This blog post is being brought to you by Visa Small Business.
You’ve probably heard entrepreneurs talk about the importance of creating a company culture, and a work environment that fosters personal growth, productivity, and joy for employees.
A great example of this is Zappos.com, a company that started out selling shoes online and eventually sold to Amazon. Tony Hsieh of Zappos.com talks about why creating an incredible company culture is the highest priority for him, even over revenue:
But what if you’re a sole proprietor and your team is made up of contractors and people you work with virtually? A company culture is still important, and it’s still something you can create and foster.
Here are 8 ways you can create a company culture with your virtual team:
1. Define your values
I communicate my values in the job descriptions I post when hiring new contractors. A lot of the time, people respond with a generic template response that they probably send to everyone when responding to job postings. I never respond back to those people, and I only interview people who make it clear to me that they “get” our values and strongly believe in what we’re doing.
2. Trust your gut when hiring
I can usually feel whether someone’s a good cultural fit in the first 5 seconds I talk to them on Skype. There has to be that instant chemistry if I’m going to work with someone on a project that’s really important to me.
3. Hang out online together
I know a lot of people who manage each member of their virtual team individually, and the team never really talks to each other. Breaking down the walls and having team meetings via Google Hangouts have helped us develop a culture at She Takes on the World.
Even if one of my contractors aren’t working directly with another contractor, it presents a networking opportunity when we do a Google Hangout and it makes people care more about their piece of the bigger picture. Which brings me to my next point…
4.Communicate your big picture vision
Everyone you work with should know the bigger picture, and what you are working towards. It will get them excited about the future of the company, and make them feel more a part of it whether they are working with you short term or long term. I’ve had contractors work with me on one small piece of the big picture, then go out and be a cheerleader for our brand. They understand what we’re trying to build, and they see why it’s valuable so they spread the love.
5. Meet in person when possible
Sometimes this is really difficult, depending on where your virtual team is located. One of my key virtual team members and I met up in person to plan the rebranding of She Takes on the World since it was a massive undertaking.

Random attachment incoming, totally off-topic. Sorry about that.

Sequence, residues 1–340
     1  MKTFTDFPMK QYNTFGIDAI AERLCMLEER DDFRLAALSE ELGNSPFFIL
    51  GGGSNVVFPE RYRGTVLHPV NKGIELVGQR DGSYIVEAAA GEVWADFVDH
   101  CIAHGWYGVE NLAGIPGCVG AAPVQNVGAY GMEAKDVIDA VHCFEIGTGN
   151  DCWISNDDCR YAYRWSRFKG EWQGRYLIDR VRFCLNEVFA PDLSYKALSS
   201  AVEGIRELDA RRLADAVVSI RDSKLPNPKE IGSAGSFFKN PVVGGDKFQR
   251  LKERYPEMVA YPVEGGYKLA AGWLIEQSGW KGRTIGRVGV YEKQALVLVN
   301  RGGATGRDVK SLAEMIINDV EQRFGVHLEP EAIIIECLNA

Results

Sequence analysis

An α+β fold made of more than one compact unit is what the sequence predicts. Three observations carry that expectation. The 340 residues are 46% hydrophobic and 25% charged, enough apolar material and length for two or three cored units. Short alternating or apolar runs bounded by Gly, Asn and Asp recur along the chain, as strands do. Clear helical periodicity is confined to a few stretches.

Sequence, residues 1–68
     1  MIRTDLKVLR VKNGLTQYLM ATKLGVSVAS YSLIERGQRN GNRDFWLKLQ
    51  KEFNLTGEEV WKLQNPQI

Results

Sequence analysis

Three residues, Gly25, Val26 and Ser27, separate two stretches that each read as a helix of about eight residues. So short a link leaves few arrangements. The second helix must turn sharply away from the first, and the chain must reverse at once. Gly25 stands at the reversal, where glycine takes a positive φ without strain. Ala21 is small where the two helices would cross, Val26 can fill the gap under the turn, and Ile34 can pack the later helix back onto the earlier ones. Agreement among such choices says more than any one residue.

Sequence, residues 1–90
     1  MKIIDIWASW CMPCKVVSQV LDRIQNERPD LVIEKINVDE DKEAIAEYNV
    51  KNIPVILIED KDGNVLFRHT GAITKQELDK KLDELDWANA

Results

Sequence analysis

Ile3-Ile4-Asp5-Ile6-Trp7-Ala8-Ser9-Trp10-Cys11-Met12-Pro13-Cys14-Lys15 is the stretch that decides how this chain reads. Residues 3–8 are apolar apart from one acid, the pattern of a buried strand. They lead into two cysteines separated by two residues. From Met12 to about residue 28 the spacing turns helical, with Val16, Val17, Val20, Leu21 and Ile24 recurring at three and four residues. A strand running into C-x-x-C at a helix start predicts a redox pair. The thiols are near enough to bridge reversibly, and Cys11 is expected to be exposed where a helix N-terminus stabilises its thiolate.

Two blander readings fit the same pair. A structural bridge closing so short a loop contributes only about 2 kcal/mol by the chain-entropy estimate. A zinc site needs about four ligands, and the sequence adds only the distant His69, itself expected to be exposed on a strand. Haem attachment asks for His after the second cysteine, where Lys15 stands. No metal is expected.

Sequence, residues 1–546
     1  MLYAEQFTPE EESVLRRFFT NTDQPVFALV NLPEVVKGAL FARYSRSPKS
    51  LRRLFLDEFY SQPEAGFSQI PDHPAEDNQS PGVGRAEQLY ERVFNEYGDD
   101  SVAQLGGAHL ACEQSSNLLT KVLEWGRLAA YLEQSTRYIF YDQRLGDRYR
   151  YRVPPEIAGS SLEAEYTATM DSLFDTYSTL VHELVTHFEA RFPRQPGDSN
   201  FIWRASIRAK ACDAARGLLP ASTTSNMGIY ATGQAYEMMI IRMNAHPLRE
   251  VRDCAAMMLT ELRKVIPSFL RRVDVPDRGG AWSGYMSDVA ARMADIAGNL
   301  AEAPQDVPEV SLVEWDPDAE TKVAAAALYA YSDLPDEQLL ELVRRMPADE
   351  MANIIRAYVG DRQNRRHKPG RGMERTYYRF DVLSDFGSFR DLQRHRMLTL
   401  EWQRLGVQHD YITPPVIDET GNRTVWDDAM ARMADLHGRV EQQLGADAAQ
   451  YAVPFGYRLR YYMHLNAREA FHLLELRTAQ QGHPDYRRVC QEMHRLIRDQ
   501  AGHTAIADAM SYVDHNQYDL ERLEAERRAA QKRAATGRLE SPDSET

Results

Sometimes it’s easier to share ideas and to come up with a strategy when we’re working in the same room. We also made time to hang out together without working, and go on a wine tour. I think you’ve got a pretty great company culture when you enjoy hanging out with the people you work with outside of work.
6. Be transparent
People appreciate transparency. I often share details of my investment deal, how much money we’re earning, and what I’m worried about with my virtual team. On a couple occasions they have thanked me for being so honest and open about money, and any challenges I feel we’re facing.
7. Add incentives
My team is working towards a huge goal with me right now, and when we reach it, I’m taking my virtual team on a trip. You don’t have to take people on a trip as an incentive, but adding in bonuses for great work and even sending personal thank you notes can go a long way.
8. Don’t micromanage
Let your team members take ownership over a piece of your business. Once I delegate a task, I never micromanage. Being entrepreneurial is part of our culture, and micromanaging has no place in our company. This goes back to trusting your gut when you hire people in the first place, and making sure the people you’re bringing on board share your values and are excited to make things happen for your business.
Creating a company culture, even among a virtual team, isn’t just about camaraderie and enjoying the team that you’re working with. A strong, positive business culture can also lead to a strong, cash flow positive business, one where motivated team members are driving massive results for your company. Take a look at this infographic from Visa Business:
Now I want to hear from you: How do you create company culture, and make your contractors and virtual team feel like they are part of a much bigger vision?
Disclaimer: I am blogging on behalf of Visa Business and received compensation for my time from Visa for sharing my views in this post, but the views expressed here are solely mine, not Visa’s. Visit http://facebook.com/visasmallbiz to take a look at the reinvented Facebook Page: Well Sourced by Visa Business. The Page serves as a space where small business owners can access educational resources, read success stories from other business owners, engage with peers, and find tips to help businesses run more efficiently. Every month, the Page will introduce a new theme that will focus on a topic important to a small business owner’s success. For additional tips and advice, and information about Visa’s small business solutions, follow @VisaSmallBiz and visit http://visa.com/business.